Diameter growth performance of tree functional groups in Puerto Rican secondary tropical forests.

  • Authors: Adame, Patricia; Uriarte, Maria; Brandeis, Thomas
  • Publication Year: 2014
  • Publication Series: Scientific Journal (JRNL)
  • Source: Forest Systems journal

Abstract

Aim of study: Understanding the factors that control tree growth in successional stands is particularly important for quantifying the carbon sequestration potential and timber yield of secondary tropical forests. Understanding the factors that control tree growth in successional stands is particularly important for quantifying the carbon sequestration potential and timber yield of secondary tropical forests. Yet, the high species diversity of mixed tropical forests, including many uncommon species, hinders the development of species-specific diameter growth models. Area of study: In these analyses, we grouped 82 species from secondary forests distributed across 93 permanent plots on the island of Puerto Rico. Material and Methods: Species were classified according to regeneration strategy and adult height into six functional groups. This classification allowed us to develop a robust diameter growth model using growth data collected from 1980-1990. We used mixed linear model regression to analyze tree diameter growth as a function of individual tree characteristics, stand structure, functional group and site factors. Main results: The proportion of variance in diameter growth explained by the model was 15.1%, ranging from 7.9 to 21.7%. Diameter at breast height, stem density and functional group were the most important predictors of tree growth in Puerto Rican secondary forest. Site factors such as soil and topography failed to predict diameter growth.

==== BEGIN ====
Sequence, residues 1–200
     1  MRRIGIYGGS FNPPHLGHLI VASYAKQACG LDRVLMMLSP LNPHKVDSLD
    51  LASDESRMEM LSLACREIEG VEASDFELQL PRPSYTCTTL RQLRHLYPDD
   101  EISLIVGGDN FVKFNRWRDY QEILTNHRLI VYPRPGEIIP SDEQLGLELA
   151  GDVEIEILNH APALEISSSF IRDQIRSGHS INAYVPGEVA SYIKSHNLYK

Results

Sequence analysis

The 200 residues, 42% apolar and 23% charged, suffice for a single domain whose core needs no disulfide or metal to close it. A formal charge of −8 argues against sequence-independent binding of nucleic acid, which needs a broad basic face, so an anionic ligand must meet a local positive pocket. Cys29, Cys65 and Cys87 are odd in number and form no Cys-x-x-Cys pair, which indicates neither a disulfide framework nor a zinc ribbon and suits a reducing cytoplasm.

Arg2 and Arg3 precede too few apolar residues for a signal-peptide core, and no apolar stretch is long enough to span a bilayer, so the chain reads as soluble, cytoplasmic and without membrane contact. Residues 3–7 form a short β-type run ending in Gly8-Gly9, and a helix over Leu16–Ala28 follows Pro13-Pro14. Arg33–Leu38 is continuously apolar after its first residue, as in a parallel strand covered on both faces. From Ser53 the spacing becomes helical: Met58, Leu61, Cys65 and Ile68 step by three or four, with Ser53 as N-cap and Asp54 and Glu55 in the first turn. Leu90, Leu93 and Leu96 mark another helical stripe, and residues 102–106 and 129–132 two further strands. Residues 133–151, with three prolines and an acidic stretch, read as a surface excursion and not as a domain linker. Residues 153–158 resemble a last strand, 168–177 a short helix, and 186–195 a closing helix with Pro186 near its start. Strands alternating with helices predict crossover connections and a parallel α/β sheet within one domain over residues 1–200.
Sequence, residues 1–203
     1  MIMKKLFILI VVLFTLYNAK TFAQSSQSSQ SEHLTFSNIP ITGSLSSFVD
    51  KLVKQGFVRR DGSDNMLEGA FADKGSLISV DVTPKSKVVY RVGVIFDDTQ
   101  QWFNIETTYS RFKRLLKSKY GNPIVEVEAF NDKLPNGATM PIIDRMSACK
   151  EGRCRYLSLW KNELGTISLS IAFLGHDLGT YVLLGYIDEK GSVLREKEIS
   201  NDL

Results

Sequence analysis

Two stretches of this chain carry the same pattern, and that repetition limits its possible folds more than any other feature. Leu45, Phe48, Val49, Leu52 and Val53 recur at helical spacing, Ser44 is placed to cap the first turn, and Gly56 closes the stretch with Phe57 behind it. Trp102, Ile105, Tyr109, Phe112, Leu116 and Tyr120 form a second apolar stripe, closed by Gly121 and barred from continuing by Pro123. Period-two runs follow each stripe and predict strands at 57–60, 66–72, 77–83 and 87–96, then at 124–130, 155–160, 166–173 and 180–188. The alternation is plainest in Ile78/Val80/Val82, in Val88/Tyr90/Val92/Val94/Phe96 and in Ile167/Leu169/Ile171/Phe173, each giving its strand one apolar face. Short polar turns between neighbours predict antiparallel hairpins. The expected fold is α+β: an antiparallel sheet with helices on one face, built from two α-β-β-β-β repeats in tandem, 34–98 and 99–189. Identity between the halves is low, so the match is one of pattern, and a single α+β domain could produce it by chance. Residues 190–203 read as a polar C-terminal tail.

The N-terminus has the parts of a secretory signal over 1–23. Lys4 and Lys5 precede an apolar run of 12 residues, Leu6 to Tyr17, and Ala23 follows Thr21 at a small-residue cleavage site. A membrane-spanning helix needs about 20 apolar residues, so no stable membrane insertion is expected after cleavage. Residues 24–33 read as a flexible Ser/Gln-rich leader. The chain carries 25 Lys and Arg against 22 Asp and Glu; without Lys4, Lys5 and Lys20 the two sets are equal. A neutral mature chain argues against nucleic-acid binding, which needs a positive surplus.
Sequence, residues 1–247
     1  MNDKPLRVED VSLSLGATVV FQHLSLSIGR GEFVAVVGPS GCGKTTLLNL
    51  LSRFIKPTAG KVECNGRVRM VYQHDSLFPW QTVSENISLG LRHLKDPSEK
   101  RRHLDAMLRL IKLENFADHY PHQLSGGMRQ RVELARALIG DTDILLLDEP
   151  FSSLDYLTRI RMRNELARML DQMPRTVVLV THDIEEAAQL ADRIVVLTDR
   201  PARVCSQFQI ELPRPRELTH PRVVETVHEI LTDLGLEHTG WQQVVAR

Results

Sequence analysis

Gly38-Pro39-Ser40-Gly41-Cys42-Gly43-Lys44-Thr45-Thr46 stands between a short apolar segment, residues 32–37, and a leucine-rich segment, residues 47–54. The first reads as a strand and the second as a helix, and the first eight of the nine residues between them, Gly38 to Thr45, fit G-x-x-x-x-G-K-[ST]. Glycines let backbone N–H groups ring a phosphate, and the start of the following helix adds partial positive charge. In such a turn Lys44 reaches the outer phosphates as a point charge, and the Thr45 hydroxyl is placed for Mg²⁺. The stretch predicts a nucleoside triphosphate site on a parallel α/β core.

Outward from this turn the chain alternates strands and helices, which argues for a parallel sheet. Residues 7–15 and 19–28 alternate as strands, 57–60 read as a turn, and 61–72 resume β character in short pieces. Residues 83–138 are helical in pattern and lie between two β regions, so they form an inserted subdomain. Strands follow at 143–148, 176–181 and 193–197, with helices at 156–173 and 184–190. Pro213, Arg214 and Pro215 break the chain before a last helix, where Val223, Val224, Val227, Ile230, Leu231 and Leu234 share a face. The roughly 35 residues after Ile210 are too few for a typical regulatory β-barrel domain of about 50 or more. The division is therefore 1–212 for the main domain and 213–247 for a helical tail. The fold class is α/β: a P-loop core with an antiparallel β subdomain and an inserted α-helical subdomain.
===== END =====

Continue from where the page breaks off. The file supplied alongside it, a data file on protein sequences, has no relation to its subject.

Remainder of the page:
• Citation: Adame, P.; Uriarte, M.; Brandeis, T.J. 2014. Diameter growth performance of tree functional groups in Puerto Rican secondary tropical forests. Forest Systems 23(1):52-63.
  • Keywords: Caribbean forests; growth model; tropical forest succession; Puerto Rico.
  • Posted Date: July 31, 2014
  • Modified Date: January 14, 2015
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